• Ben Knoble, who kept us honest on normalization rules (i.e. rewriting many different versions of source code to a common and simple representative expression for subsequent optimization), ensuring that they don't change the semantics of the language.
  • Michael Ballantyne, whose research enables the stratified DSL architecture that allows Qi to have an optimizing compiler (via Syntax Spec -- a next-generation language workbench library for Racket currently in preview).
  • Matthias Felleisen, for behind-the-scenes support as Michael's advisor.
  • Dominik Pantůček, who is working on a new, rigorous and flexible benchmarking suite which we hope can be made available for general purpose benchmarking in the not too distant future (i.e. not specifically for Qi!). It accounts for ambient factors like garbage collection and computes reliable statistics on the generated data -- this how those neat charts above were generated!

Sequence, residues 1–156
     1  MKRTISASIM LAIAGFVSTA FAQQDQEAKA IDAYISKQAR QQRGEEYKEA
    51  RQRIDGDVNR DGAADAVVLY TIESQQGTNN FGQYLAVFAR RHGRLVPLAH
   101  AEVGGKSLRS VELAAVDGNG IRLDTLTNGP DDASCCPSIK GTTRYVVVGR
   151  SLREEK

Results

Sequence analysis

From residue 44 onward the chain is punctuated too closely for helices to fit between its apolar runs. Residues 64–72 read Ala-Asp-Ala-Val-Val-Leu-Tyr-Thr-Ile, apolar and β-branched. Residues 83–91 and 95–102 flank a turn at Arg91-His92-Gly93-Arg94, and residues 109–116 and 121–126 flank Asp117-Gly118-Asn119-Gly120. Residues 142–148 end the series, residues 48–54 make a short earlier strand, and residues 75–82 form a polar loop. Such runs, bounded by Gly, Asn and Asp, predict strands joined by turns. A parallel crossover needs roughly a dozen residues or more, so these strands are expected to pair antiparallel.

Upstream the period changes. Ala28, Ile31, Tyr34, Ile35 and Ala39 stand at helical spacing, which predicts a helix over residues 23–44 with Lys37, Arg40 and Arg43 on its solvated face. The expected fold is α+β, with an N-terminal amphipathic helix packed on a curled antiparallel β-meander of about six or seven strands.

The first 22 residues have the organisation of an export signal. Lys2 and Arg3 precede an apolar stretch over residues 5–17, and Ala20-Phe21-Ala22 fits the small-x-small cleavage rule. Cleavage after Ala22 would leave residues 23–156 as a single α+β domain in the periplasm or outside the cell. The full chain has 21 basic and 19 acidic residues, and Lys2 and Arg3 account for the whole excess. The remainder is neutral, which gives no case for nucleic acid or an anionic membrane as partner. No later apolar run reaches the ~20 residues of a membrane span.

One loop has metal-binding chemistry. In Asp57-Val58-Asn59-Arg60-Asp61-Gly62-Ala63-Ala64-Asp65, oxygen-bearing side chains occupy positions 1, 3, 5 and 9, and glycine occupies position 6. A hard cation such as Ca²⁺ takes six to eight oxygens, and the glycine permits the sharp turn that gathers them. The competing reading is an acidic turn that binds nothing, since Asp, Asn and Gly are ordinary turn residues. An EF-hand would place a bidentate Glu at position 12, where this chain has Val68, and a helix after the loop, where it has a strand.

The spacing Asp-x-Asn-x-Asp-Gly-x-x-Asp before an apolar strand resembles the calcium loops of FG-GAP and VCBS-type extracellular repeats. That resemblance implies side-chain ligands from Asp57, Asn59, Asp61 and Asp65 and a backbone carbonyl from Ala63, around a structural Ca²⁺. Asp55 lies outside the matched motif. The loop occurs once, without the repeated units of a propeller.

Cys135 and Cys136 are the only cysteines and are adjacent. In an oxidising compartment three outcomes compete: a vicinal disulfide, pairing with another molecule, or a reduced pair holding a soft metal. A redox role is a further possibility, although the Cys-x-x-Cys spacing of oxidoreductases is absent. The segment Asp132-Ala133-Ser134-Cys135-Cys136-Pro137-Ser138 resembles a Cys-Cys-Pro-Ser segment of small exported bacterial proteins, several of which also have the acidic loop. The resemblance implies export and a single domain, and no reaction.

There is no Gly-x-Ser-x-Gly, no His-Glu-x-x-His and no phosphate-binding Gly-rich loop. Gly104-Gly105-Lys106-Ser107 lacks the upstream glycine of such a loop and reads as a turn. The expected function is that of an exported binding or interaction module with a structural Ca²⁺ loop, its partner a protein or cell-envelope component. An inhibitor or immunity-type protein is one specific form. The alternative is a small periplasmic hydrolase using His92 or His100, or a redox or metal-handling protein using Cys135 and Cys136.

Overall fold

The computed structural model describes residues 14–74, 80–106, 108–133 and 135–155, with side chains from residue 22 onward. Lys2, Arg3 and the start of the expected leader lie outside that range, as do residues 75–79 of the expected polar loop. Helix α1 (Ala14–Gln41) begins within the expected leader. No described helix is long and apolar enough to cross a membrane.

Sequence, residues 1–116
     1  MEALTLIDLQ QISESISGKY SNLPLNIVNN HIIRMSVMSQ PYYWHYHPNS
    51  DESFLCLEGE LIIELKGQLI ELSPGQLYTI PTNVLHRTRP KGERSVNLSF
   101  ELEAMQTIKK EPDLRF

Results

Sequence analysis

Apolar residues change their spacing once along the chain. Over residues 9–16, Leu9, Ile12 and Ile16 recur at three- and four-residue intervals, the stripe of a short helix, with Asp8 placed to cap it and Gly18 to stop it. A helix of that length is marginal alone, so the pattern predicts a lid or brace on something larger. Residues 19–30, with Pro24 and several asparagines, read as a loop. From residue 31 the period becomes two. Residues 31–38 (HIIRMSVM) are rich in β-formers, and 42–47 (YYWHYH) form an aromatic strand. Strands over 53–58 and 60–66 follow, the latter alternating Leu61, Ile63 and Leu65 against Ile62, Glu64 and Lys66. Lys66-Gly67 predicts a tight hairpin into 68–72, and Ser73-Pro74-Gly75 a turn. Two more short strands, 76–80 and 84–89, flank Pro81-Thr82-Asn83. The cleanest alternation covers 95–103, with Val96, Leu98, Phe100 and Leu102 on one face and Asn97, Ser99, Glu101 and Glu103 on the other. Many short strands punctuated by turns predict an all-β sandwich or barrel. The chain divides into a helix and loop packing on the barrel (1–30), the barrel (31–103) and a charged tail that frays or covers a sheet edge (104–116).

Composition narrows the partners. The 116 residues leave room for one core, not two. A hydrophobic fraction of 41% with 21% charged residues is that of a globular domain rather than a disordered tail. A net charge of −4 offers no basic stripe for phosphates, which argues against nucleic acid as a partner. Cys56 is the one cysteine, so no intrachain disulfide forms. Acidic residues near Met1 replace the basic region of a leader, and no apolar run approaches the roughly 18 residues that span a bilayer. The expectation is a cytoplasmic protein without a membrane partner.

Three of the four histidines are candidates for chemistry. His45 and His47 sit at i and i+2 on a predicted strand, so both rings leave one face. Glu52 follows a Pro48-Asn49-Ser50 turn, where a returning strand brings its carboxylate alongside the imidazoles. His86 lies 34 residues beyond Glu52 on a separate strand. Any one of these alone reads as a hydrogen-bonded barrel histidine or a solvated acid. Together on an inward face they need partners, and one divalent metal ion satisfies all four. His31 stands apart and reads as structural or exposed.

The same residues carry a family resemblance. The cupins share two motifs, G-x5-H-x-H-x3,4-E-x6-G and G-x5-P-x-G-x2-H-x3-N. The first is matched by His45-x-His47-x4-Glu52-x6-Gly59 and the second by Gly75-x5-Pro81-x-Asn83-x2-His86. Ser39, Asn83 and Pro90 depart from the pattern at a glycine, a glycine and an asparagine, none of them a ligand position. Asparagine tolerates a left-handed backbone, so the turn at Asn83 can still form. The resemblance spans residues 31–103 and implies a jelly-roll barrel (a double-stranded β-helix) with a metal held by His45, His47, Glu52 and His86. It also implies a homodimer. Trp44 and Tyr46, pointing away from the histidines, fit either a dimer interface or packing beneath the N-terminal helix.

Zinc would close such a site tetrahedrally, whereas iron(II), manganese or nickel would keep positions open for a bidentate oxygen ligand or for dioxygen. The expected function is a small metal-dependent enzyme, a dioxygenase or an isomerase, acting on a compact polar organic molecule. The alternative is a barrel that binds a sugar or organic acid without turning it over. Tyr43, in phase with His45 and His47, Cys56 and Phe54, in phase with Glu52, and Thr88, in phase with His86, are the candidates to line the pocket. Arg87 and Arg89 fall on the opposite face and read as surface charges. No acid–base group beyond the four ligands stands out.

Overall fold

• Sam Phillips, who opened the floodgates to deforestation of racket/list APIs.
  • Noah Ma, Siyuan Chen, and also Ben who helped us test the new version on existing Qi codebases like Qi-Cat, Qi-Circuit, and Frosthaven Manager.
  • Jair Trejo, who originally suggested a link between Qi's values-oriented computations and Clojure's transducers, which is likely to inform further work as we aim to make Qi's deforestation generic.
  • Stephen De Gabrielle, who helped with logistics for community organizing, meetings, etc.
  • Sam Tobin-Hochstadt and my friend Alan for designing Qi's new logo :slightly_smiling_face:, and also, Sam along with Gustavo Massaccesi, for suggesting ways to test the compiler that helped ensure that it's operating as intended and which saved us a lot of time in identifying the sources of bugs during development.

I've surely missed many people here, but luckily, Qi follows Attribution Based Economics (ABE), a much more robust way to recognize contributions and the people behind them. Here is the full list of people and agencies that have been recognized as contributors to Qi so far (it will soon be updated to account for the compiler work).

Thanks for reading, and enjoy Qi 4!